C Corps legally exist independently of the owner. They have “perpetual existence,” meaning that the corporation continues to exist if the owner retires or passes away. This makes it easier to employ family members or pass the business on to your heirs if you choose to do so.

Generally, an S Corp is also subject to Federal and state requirements. Sole proprietorships and LLCs, on the other hand, are typically not. However, LLCs are subject to other requirements from the Secretary of State’s office.

Legal Liability

A C Corp protects business owners from personal liability in case the business incurs future liabilities, such as a debt, a lawsuit, or bankruptcy. You cannot be pursued for your personal assets, although the business assets can be taken to pay a liability. 

An LLC and S Corp also offer protection from personal liability and your personal assets, while a sole proprietorship does not. Both C Corps and S Corps offer limited liability protection

How to Create a C Corp

To create a C Corp, you’ll need to check with your individual state’s Secretary of State’s office to obtain the specific requirements in your state. Generally, the minimum required is a business name and a filing of IRS Form 1120 for corporate income tax. You may also need to publish a notice of intent and pay a filing fee with the Secretary of State.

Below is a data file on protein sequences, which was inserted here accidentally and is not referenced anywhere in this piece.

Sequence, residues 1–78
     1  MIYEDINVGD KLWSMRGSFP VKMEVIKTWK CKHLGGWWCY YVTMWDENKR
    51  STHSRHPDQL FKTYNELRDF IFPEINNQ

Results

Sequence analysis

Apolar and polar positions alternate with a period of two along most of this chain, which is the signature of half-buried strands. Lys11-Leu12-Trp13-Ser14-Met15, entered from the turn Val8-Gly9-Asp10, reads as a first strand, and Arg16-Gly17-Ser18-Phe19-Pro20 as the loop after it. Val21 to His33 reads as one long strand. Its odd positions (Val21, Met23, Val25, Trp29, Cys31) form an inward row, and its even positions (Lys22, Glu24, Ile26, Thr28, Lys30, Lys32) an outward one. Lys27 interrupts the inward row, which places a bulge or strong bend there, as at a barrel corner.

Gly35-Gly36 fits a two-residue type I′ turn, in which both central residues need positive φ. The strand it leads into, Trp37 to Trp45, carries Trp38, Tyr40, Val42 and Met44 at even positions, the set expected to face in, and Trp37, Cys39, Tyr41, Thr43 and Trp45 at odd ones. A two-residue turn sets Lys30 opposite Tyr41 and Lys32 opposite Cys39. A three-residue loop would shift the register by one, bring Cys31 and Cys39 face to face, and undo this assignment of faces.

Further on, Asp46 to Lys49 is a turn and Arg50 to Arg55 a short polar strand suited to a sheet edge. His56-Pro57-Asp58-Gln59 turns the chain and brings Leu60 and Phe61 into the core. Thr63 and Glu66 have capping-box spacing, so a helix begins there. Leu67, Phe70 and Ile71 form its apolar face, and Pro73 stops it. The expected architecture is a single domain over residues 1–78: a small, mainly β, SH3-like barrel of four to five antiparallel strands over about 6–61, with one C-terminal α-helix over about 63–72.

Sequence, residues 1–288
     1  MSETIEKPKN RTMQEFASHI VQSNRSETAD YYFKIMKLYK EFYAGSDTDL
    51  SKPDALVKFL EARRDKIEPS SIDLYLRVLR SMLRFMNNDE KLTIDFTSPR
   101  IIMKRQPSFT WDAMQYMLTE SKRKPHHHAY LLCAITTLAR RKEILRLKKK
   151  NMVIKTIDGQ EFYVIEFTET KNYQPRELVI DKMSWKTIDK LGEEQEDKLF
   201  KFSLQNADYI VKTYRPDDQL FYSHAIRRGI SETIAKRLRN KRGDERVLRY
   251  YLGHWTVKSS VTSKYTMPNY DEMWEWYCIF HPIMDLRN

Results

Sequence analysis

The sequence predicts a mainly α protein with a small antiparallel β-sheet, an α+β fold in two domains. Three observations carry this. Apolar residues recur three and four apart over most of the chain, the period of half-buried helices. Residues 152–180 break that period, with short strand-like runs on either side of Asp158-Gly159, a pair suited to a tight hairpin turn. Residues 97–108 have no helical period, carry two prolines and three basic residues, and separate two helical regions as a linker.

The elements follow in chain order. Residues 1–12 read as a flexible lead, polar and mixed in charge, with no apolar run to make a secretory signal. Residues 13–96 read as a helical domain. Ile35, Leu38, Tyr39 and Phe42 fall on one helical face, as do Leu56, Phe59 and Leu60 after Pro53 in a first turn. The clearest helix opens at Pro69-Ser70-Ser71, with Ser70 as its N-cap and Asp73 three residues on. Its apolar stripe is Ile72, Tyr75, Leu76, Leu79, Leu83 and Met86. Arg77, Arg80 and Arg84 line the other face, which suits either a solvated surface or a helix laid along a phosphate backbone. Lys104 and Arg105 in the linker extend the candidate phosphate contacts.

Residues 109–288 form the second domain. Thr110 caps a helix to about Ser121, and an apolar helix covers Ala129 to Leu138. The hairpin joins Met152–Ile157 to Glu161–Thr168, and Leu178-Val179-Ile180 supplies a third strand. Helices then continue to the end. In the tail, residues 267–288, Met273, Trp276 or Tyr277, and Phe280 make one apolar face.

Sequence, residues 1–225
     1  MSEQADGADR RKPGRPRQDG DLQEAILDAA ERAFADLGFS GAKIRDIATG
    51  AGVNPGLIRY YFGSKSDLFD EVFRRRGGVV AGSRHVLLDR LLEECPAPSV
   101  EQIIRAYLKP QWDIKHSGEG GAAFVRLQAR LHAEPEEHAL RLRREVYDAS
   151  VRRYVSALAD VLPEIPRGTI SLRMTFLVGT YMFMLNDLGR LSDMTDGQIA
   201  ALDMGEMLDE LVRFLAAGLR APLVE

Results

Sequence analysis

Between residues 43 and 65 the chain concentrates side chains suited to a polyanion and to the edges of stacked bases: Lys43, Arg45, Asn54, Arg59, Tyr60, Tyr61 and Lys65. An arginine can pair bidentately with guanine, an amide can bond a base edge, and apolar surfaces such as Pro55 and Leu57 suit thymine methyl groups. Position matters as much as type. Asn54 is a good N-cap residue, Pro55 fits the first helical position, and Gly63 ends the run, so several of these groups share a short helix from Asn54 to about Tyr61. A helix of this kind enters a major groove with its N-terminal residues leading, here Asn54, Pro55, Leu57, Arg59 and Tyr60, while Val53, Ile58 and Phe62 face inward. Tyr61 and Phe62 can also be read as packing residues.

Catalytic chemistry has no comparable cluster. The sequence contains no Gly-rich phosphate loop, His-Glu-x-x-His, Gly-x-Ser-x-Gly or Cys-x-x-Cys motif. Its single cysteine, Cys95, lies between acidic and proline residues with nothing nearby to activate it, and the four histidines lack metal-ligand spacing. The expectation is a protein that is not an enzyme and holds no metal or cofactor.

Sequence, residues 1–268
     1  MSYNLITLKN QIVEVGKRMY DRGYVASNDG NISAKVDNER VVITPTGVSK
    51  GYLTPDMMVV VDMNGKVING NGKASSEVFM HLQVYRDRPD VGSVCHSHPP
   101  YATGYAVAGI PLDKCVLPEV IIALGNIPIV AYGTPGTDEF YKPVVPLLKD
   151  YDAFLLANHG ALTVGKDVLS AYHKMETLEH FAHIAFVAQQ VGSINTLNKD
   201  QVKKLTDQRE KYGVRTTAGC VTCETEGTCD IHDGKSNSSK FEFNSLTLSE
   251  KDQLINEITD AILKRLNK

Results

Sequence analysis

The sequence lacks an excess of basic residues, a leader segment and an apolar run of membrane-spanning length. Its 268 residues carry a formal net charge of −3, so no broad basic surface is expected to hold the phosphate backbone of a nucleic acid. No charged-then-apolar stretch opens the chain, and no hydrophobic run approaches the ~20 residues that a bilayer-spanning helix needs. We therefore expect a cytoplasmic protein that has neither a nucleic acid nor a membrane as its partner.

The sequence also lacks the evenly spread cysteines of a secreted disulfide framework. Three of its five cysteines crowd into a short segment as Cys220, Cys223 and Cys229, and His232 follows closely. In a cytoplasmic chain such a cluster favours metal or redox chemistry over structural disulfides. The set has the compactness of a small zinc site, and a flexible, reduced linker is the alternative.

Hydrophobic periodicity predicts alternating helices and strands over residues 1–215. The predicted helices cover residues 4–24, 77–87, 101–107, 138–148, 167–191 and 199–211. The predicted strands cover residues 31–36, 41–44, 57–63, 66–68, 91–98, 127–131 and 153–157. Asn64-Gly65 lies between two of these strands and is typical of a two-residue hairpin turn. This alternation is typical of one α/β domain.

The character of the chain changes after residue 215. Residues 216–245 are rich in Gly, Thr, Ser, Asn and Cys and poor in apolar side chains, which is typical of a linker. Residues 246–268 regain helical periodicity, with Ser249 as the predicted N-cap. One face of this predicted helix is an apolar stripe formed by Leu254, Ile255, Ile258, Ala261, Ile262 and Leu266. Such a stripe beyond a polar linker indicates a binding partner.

Depending on your state requirements and business plan, you may also need (or want): articles of incorporation, create corporate bylaws, an Employer Identification Number (EIN), a business trademark, state-specific business licenses, and a sales tax identification number (if you plan on selling items).

Creating a C Corp can be complicated and time-consuming. To err on the side of caution, you may want to consider consulting with a lawyer who can assist you in filing documents.

With a templated articles of incorporation and a small number of shareholders, you may be able to set up a simple C Corp yourself. You can also consult a third-party company specializing in business filing, like MyCorporation. MyCorporation can help entrepreneurs prepare the paperwork and file articles for a C Corporation, register a trademark, file an EIN application, and fulfill any other requirements. 

Advantages and Disadvantages

Each business entity choice has its pros and cons, depending on your situation. It’s crucial to weigh these carefully to determine which business entity type makes the most sense for you and your business.


  • Increased ability and flexibility in obtaining funding for business growth
  • Ability to use 401(K) financing or ROBS (Rollover Business Start-ups), allowing you to start your business tax-penalty and debt free
  • Issue unlimited shares of stock
  • Unlimited number of shareholders versus restrictions with S Corp stock
  • Potentially advantageous tax benefits and tax savings
  • Protection from personal liability
  • Strong corporate structure, including Board of Directors, bylaws, annual meetings, and financial filings